About two years before I moved to Inter Milan in 1988, three or four men from Naples came to visit me on a Saturday night in Munich.
I’d played a game for Bayern against Cologne and arrived back in Munich at about 9pm or 10pm. My management and the people from Naples were all sat together in an Italian restaurant.
It was my friend’s restaurant and it was usually closed on a Saturday night, but he opened it just for us. Our visitors wanted to talk in private.
They told me, ‘Diego Maradona sends his regards, and his wish is to play in the same team as you.’ They asked if I wanted to join Napoli. They said they would give me a three-year contract, and that they also had cash.
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The cash was in a bag under the table. It was one million Deutsche Marks, and it wasn’t my salary. It was just for my signature. The cash was at least twice my annual salary at Bayern – possibly three times higher.
I wasn’t sure about it. I’m clean, and it was too much money. Was I ready to go to Napoli? Was it the right time to change clubs? I decided against it, but it was a really good feeling to know that Diego Maradona, the best player in the world, wanted me in his team.
Myself and Maradona have always had respect for each other, right from our very first meeting back in 1982. It was my fourth game for Germany and we played Argentina on March 24 – I remember it very well!
He was only a few months older than me, but at 21 he was already a superstar. I was on my way to being a national team player. He was many steps ahead.
He was the best player in the ’80s because of his personality, his quality, his speed, his technique… everything. He was a perfect player – a team player, too.
I don’t see anyone who’s dominated a World Cup like Maradona did in 1986. In the final, I was asked to man-mark him. Franz Beckenbauer had seen how Diego played in previous games – especially against England – and said if we wanted to win, first we had to stop Maradona.
I had to be concentrated. I had to disturb him when he first received the ball, and attack him immediately. When he had control of the ball, it was hard to stop him. He respected that I tried to stop him fairly – I never tried to hurt him like other players did.
For 70 or 80 minutes of that final, you didn’t see too much of Maradona. Unfortunately we went 2-0 down, so I was given a more attacking role for the final 20 minutes. We levelled the game at 2-2, but then Maradona came into the game with one great pass and Jorge Burruchaga scored the winner.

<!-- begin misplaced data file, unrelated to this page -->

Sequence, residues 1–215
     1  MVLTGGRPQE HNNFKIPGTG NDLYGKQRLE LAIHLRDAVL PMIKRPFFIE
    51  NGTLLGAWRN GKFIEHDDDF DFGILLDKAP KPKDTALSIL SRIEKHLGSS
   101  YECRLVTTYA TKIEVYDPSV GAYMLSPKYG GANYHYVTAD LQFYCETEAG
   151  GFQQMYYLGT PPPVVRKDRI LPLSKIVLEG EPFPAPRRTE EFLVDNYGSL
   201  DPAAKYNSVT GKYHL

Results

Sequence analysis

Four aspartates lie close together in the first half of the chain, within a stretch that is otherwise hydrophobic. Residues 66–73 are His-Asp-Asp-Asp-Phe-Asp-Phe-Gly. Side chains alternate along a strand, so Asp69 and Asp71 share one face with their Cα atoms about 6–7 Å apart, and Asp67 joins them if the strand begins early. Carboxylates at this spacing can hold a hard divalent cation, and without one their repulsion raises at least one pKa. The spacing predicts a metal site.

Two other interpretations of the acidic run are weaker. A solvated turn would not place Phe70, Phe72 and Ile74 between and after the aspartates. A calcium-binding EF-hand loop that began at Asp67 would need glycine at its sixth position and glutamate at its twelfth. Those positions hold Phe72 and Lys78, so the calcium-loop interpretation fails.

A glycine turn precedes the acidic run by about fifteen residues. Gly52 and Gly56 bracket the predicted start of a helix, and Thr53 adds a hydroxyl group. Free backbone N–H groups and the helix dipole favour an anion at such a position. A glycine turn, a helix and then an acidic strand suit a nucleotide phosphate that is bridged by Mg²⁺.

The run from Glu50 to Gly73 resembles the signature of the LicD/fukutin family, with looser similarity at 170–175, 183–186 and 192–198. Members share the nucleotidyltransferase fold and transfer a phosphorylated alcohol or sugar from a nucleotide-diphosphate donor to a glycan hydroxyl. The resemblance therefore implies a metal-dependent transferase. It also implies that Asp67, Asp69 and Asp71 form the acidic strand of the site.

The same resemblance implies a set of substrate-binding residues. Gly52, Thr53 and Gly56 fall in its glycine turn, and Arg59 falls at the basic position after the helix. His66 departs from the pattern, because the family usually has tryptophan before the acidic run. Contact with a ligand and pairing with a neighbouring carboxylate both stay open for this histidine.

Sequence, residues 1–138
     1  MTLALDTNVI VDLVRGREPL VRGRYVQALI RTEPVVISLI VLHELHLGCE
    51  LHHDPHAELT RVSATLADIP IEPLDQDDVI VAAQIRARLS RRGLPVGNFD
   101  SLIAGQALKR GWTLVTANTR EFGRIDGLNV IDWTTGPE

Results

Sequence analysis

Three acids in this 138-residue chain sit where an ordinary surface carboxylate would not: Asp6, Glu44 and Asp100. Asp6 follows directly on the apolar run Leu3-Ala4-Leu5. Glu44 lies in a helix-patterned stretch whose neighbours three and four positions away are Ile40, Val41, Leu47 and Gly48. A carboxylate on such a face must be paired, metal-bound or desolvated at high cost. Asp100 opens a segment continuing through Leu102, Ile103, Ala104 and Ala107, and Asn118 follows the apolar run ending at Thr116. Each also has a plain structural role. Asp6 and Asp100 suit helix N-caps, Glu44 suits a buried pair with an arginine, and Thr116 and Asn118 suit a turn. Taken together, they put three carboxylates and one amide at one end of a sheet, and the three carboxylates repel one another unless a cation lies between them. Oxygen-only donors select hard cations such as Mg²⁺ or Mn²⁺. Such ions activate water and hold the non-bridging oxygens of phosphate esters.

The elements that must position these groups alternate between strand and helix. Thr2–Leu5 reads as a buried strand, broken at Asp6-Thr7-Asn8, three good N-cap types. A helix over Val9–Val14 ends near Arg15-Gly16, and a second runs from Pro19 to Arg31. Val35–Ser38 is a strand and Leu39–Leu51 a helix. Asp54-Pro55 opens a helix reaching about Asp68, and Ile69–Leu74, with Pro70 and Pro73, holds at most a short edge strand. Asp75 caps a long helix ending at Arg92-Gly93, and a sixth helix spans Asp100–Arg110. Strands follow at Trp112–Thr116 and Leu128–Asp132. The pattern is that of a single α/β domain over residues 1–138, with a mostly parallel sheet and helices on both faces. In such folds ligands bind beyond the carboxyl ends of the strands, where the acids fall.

Our countries faced each other again in the 1990 World Cup Final, although I had a more attacking role that day. That time, Germany won 1-0.
I played against him in Serie A, too: on the day we won the league with Inter in 1989, we were playing Maradona’s Napoli. I still have a picture at home where I’m celebrating scoring the free-kick that won the Scudetto, and Maradona is in the background, looking at the grass.
Once we even played in the same team, for the Rest of the World against France in Michel Platini’s farewell game. Diego gave me the ball and I scored – on the field, that’s the nicest memory we have between each other.
Off the field, we had parties – when he joined Sevilla in 1992, I went with Bayern to play a friendly. Afterwards, there was a never-ending party until 7am or 8am. Maradona was dancing on a table, he was talking with everybody, he was very happy to be back in Europe!
After that, we were always happy when we saw each other – although when I last saw him at the World Cup in Russia, he looked sick. That made me sad. When he was at Napoli, I heard stories about people who lived off his money. I think many people surround him because he’s Diego Maradona, not because he’s their friend.
On the field, he was magic. When he came to Munich to play in my farewell game, it meant a lot. I was invited to his farewell game, too. That said everything about the feeling we have always had for each other: complete respect.
This column appeared in the July 2019 issue of FourFourTwo
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